Volunteer Organisation Throws Christmas Ball for Ukrainian Children

Ukrainian families living in Iceland were treated to a Christmas Ball on Saturday. The party was the culmination of a year of events and relief efforts led by the volunteer-run organization Flottafólk and included a banquet and a visit from Iceland’s Yule Lads. Iceland Review spoke to one of the event organisers, Markús Már Efraim, about the festive event.

Also known as the Ukrainian Refugee Center in Iceland, Flottafólk (whose name in Icelandic, Great People, is a pun on the word flóttafólk, which means refugee), “was founded by likeminded volunteers at the start of the war to provide relief for the Ukrainian refugees coming to Iceland,” says Markús. Saturday’s Christmas Ball was the organization’s biggest event of the year and was made possible thanks to volunteers, “both local and Ukrainian, and the goodwill of the local community,” individuals and businesses alike, who donated gifts for the children.

The ball treated 400 guests—mostly Ukrainian children and their families—to a delicious holiday banquet including everything from traditional Icelandic Christmas fare such as hangikjöt to pizza, laughs Markús, “for those whose tastebuds are not made for smoked lamb.”

After eating their fill, the children got to dance around a giant Christmas tree with some visiting Yule Lads, who then handed out gifts. Members of the Ukrainian community also staged a dance performance.

A home away from home

“Our hearts are full of pure gratitude to those who have been taking care of us for many months already!” wrote attendee and teacher Tanya Korolenko in the Facebook group “Ísland fyrir Úkraínu” (‘Iceland for Ukraine’). “The spirit of Christmas is everywhere now. It’s beautiful…And all Ukrainians here, in Reykjavik, are thanking you heartily for allowing us to feel it, to enjoy it ourselves! It means a lot!”

“Thanks to Flottafolk and its keen volunteers Ukrainians get a HOME to meet every Tuesday, they have plenty of help with practical issues like clothes and hygiene,” continued Tanya. “But what touches me the most is when people take care of other people’s feelings. Like you did today.”

Indeed, Flottafólk has been providing relief to the Ukrainian refugee community in Iceland since the beginning of the war, Markús explains. “Relief has been in the form of food, clothing, jobs, events and field trips for kids, educational programs, psychological support, childcare and basically everything necessary. This winter our biggest focus has been on the distribution of clothes and necessities,” he continues, noting that these distributions take place twice a week at Neskirkja and the community centre in the Grandi neighbourhood on the west side of Reykjavík.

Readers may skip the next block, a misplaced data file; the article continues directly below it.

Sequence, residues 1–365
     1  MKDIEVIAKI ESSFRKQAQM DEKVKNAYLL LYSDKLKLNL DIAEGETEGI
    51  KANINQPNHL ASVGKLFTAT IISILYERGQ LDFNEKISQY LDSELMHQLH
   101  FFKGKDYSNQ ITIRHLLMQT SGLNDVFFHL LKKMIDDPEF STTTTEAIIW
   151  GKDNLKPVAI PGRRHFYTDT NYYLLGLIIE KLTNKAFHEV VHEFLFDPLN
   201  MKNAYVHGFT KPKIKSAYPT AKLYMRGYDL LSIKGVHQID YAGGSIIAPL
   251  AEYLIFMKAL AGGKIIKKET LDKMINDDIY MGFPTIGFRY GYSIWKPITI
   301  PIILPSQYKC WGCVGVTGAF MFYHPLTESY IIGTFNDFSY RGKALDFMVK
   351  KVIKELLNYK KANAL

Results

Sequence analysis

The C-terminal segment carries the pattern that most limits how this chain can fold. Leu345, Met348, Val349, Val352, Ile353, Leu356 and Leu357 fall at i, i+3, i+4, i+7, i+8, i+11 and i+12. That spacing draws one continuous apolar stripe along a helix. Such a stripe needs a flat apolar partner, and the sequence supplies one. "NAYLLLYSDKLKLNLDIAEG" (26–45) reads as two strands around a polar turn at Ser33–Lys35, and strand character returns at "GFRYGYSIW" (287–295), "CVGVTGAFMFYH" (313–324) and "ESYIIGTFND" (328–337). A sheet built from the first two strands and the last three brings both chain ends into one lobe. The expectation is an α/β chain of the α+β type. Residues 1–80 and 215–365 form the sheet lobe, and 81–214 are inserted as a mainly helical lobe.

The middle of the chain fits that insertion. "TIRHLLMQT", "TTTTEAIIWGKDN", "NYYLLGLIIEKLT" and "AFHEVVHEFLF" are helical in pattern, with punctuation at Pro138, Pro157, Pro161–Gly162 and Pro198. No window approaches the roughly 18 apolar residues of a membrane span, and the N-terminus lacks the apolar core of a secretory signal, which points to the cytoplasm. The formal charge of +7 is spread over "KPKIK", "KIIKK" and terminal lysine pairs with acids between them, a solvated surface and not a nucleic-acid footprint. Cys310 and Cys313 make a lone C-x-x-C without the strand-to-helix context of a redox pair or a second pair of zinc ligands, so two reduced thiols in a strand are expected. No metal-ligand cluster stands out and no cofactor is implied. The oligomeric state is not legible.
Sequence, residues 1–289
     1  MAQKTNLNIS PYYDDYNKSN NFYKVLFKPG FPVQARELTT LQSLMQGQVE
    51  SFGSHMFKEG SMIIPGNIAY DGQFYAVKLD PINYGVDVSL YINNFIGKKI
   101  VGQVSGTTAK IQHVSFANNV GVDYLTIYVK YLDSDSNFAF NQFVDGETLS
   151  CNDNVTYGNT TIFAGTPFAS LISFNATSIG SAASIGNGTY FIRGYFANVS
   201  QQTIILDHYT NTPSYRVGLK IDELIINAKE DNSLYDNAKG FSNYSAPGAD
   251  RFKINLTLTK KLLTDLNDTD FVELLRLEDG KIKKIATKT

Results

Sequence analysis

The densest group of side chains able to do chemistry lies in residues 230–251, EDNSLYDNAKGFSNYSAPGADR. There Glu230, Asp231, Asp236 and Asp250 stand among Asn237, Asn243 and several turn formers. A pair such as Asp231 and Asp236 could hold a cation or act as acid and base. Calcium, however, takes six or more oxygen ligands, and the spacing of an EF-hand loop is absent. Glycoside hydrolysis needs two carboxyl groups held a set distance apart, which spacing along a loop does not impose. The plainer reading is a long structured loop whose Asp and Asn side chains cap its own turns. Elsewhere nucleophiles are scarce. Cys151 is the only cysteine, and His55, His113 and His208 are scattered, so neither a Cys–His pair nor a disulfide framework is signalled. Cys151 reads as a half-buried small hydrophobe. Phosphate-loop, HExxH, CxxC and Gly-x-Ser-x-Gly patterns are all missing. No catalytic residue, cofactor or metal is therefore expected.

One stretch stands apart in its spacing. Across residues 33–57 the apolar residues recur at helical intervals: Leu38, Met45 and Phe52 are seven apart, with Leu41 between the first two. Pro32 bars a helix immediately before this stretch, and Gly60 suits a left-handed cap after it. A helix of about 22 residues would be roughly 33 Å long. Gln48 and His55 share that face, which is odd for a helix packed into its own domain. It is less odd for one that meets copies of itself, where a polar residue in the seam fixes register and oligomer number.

“During the open houses we often get visits from local educators and speakers or do something special like concerts, and traditional gingerbread-making and decoration.”

Plans to expand in the New Year

Invigorated as the volunteers are by their joyful celebration on Saturday, Flottafólk has even bigger plans for the new year, says Markús. “We would like to expand the educational programs, including various art workshops, but need more space as the community centre we have access to has its own extensive programming.”

“One of the things we have planned for the new year is a writing workshop for kids,” says Markús, which would be co-taught by himself and Tanya Korolenko. “This would hopefully culminate in a bilingual book with the children’s writing and illustrated by Ukrainian artists.”

It seems clear that Flottafólk and its ongoing, collaborative efforts have helped to create a strong sense of kinship between local volunteers and members of the newly arrived Ukrainian community, something that Markús Már is quick to affirm. “I had no connections to Ukraine before the war, but as a volunteer and now, project manager for the community centre and educational programs, I feel strong kinship with the Ukrainian people. The refugee community has shown great gratitude to all of us volunteers and given back in so many ways.”

Photos by Alesia Kovalova (Алеся Ковальова)

Icelanders Buying More Locally-Grown Christmas Trees

Christmas tree santa Iceland

Though imported trees still make up the majority of Christmas tree sales in Iceland, locally grown trees are steadily growing in popularity, Bændablaðið reports. Imported Christmas trees decreased from 37,147 to 24,441 between 2019 and 2020, while local tree sales rose from 7,225 to 8,134. More families are buying their trees from local forestry associations, where they can pick and even cut down their own trees.

Ragnhildur Freysteinsdóttir, an environmental scientist at the Icelandic Forestry Association, told RÚV that cutting down your own tree has certain advantages. “Some people may want tall and thin, or short and fat [trees]. They maybe don’t want the totally standard trees that you get at the store. So it’s an opportunity for them.”

Buying local has benefits

As Bændablaðið points out, the benefits of buying local Christmas trees are many. Purchasing one tree enables local foresters to plant dozens more, with a net positive effect on carbon storage. The Reykjavík Forestry Association (Skógræktarfélag Reykjavíkur), for example, planted 50 trees for each one sold last year. Local trees also carry a smaller carbon footprint in other ways: due to Iceland’s climate and geography, local foresters rarely use pesticides in their cultivation. Furthermore, imported trees present a risk of bringing in pests that could potentially affect Icelandic vegetation.

See Also: Húsavík Residents Vote on Town Christmas Tree

Among local trees, the most popular species is the beach pine, accounting for 62.4% of local Christmas tree sales last year. The sitka spruce comes next with 14.3% of sales, followed by red spruce at 11.4%.

Christmas Tree Democracy: Húsavík Inhabitants Vote on Town Tannenbaum